Metawriting posts from the new blog location

Thursday, July 15, 2010

Technology: How much is too much?

I was suddenly sucked into a vortex of class concocting, pedagogical pondering, and technology taste-testing last night. I don't know what hit me. There I was living my life as usual (cooking, cleaning, caring for child and dog, performing administrative duties) when suddenly I was struck with the urge to build my fall course. This compulsion was so fierce that I never did go to sleep last night. Wow. I've suffered such creative compulsions before but never for writing a syllabus or assignment sheet.

I have a lot of ideas for making this class exciting, challenging, fulfilling, and fun (too tall an order for a general education class? well we'll see).

One of the primary things I want to focus is on genre awareness and all that entails (that is a whole 'nother blog post though so I won't get into it now) and part of my brainstorm is to utilize various web publication tools to emphasize that. But that does lead me to the all important question of how much technology is too much? I am not much of a subscriber to the belief that digital natives are super techno-savvy. Perhaps that is simply because I've had to explain to too many people how to use BlackBoard and even email. I think just like anything else -- they know what they use but there is a whole world of technology out there they don't use -- so they don't know it. But again that is another blog post.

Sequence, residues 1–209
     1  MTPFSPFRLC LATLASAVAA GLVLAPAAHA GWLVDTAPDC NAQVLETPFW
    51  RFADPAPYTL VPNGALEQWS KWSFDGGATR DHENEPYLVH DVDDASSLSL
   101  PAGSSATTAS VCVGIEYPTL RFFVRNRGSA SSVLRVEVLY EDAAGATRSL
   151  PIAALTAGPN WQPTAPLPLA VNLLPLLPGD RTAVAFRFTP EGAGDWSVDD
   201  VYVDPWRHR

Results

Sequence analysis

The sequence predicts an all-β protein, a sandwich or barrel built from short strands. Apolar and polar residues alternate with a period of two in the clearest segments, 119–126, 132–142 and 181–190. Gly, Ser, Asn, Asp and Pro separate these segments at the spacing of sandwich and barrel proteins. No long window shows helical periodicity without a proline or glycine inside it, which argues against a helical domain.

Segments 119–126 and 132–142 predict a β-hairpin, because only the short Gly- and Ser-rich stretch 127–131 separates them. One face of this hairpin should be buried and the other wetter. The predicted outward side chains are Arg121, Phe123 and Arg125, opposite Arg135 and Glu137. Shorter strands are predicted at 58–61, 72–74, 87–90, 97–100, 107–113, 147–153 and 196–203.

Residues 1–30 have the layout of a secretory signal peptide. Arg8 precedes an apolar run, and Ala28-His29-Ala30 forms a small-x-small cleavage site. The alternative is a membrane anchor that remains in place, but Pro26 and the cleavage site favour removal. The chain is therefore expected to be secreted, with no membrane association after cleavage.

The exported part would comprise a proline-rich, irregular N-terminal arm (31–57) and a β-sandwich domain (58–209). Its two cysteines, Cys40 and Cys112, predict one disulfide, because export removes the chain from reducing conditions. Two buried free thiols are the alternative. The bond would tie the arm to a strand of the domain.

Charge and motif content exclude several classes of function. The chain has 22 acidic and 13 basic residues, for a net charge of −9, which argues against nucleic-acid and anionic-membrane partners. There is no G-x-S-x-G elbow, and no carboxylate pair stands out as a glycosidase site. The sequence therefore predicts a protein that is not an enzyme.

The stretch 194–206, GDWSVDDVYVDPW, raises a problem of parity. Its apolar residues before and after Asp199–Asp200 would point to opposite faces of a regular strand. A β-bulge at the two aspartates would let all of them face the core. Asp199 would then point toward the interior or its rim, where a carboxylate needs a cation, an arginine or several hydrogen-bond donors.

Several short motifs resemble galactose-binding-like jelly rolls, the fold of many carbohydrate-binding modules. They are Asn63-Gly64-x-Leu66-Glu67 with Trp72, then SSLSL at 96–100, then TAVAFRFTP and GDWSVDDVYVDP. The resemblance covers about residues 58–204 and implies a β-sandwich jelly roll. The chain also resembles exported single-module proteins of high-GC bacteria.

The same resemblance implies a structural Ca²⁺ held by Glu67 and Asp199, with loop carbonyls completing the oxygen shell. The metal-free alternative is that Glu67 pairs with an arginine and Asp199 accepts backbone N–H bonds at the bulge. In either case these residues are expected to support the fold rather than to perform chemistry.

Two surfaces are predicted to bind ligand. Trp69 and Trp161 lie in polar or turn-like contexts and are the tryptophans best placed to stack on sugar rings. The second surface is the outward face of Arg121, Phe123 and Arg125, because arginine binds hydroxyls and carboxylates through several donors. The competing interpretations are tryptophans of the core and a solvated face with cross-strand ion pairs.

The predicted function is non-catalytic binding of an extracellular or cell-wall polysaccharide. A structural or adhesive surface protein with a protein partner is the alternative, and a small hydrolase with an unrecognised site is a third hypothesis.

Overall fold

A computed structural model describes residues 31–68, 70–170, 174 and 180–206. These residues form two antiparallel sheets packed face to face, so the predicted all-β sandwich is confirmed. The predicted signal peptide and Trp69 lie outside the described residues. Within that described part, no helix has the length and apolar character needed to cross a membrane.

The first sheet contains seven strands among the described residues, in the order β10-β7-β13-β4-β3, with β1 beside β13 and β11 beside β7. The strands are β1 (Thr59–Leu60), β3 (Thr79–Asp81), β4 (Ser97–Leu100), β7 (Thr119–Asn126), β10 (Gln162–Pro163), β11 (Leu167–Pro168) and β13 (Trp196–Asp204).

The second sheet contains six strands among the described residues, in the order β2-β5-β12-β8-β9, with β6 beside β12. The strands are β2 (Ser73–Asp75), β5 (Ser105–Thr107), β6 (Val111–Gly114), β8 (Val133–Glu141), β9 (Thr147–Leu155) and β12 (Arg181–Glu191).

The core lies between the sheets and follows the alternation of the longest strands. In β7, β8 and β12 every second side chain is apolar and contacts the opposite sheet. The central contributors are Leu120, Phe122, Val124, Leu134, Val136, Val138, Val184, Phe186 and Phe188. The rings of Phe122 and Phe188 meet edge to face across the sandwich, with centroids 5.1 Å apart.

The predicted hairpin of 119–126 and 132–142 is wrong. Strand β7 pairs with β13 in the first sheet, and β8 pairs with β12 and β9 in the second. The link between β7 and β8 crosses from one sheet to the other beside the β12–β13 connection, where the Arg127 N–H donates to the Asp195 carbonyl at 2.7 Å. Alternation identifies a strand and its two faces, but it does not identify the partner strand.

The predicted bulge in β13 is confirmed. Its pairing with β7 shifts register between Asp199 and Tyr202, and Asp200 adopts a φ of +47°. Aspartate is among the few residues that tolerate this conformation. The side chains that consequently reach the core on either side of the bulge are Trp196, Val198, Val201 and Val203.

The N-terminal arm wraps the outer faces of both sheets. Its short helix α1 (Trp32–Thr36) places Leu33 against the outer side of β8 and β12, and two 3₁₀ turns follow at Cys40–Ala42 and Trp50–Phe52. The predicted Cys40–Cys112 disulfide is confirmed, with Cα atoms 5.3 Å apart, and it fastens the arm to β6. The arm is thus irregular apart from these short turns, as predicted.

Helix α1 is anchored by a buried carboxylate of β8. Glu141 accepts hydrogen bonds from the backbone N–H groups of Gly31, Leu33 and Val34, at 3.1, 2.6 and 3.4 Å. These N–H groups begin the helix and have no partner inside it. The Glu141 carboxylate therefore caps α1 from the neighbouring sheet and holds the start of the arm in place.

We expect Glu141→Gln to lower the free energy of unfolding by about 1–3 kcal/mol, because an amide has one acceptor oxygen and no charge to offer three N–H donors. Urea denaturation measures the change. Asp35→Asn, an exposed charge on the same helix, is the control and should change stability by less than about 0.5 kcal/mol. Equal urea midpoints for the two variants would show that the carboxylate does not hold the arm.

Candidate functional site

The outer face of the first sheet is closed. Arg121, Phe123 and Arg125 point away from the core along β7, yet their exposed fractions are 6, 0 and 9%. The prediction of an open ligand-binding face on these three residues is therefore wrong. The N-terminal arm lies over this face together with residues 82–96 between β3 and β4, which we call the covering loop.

I'm teaching a general education (as in required for everyone and taught in many different incarnations although with the same basic goals by many different instructors) writing class. The class is online and our university utilizes BlackBoard to support all classes. So that is one form of technology we will need to use -- albeit sparingly.

I'm also fairly definite about the use of student blogs to display finished products and allow peer comments -- perhaps more but still deciding the parameters there.

I've got a couple of short introductory assignments (very short!) which made me start to think about using a twitter feed as well. Is that too much? Still thinking about what I would do with that...but I do like the idea of using these different technological tools as well as other assignments to make my students think about the importance of communication and words in general as well as the role genre and audience etc. play in communication. But oh much technology to require and how much to simply encourage. How much is too much?

Monday, July 12, 2010

Community and muscle building

It's not that I haven't thought about these things before and it certainly isn't that I thought they were unimportant, but, recently, as I analyze my dissertation data (a study of the writing self-efficacy of adult writers) I have come to appreciate anew how important creating a sense of community is for a newly-formed group of writers and how essential it is to help those writers (who typically don't think of themselves as writers) develop their writing muscles.